Polly lunges towards the clay form and lightning strikes directly in front of her, blocking her path. Her skin prickles with static.
The Princess shakes her head now. Her kneeling legs are no more. She’s sinking fast into cloying mud. “Run,” her mouth seems to say.
Another fork of lightning strikes and this one makes its target. The Princess’s face contorts and her arms spasm. Her back arches and her whole being lights up in an unearthly yellow-gold glow.
Polly is fixated; her own feet seem to be glued to the muddy ground. She can’t tear her gaze away from the writhing creature before her, despite the freezing, lashing rain and the quickfire thunder which shakes her bones with each clap.
And now more lightning. It strikes Polly dead on. Unbearable, stinging agony jolts every muscle, every nerve, every sinew. Her vision goes black. She slumps over into the mud and sleeps the storm away.
The sea hisses and seagulls squawk. A gentle breeze tickles Polly awake. She opens her eyes to dazzling morning sun but despite its warmth she feels chilled to her core.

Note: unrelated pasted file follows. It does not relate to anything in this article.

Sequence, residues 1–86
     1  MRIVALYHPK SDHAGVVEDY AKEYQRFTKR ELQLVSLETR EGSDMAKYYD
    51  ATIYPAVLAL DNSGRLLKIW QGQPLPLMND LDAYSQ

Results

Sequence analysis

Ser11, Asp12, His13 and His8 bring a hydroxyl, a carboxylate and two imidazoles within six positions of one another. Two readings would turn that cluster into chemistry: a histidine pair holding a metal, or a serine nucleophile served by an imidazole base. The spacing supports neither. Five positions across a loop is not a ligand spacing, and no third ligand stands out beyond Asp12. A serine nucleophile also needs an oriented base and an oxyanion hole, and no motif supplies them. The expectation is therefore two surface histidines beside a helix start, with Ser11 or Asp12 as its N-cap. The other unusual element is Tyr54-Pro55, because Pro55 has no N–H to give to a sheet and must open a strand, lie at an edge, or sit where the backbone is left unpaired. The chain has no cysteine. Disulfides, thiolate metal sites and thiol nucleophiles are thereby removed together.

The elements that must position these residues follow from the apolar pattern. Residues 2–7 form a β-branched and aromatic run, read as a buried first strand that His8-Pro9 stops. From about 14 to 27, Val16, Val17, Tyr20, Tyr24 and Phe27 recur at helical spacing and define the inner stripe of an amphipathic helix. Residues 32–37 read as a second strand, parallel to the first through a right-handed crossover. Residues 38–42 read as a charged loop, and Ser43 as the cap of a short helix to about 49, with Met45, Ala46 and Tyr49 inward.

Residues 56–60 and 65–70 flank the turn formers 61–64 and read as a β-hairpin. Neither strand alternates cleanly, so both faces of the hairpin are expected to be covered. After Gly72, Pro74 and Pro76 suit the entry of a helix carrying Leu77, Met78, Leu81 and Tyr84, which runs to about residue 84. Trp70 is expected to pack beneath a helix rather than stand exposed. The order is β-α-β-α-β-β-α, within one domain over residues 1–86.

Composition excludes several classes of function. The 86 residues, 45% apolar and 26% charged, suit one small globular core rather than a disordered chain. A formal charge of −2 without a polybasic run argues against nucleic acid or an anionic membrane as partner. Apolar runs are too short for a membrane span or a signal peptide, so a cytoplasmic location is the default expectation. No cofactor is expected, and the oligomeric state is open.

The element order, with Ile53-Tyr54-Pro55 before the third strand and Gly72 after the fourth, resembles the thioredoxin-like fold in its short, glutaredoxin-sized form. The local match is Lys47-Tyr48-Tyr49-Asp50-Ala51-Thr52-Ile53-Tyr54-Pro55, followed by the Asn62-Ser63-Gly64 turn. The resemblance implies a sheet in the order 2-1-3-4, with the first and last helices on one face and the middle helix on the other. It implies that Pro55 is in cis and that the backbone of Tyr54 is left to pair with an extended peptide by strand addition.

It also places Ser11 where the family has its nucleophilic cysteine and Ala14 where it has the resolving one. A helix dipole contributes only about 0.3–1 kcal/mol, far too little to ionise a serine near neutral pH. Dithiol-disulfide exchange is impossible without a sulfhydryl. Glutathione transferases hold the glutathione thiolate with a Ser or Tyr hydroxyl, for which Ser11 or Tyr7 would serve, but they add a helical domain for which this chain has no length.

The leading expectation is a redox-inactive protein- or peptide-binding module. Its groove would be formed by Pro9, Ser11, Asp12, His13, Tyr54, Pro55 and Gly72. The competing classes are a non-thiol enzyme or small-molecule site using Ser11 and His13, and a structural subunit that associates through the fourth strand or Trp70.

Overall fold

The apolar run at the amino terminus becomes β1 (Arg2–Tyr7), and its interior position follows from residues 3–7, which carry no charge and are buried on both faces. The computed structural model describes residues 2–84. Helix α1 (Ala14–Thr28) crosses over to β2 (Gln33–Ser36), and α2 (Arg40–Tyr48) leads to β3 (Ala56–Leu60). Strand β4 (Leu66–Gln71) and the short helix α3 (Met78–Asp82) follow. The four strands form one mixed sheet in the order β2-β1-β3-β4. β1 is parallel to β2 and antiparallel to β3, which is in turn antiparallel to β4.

She pulls herself up, one side of her face caked in mud, and takes in the sight of the latest iteration of the Stormy Princess. She’s magnificent. Beautiful as ever, set in a demure curtsy with a small, sweet smile on her lips.
Polly reaches for her camera which lies alongside her in a shallow, black puddle. The lens is cracked but the power button brings it to life. She flicks back through the camera’s memory, searching for the video she knows she recorded last night.
It’s not there.
She manages a small laugh. Of course it isn’t there. Nor are any of the photographs she took, even before the storm kicked off in earnest.
It’s all ludicrous. But at least now she knows.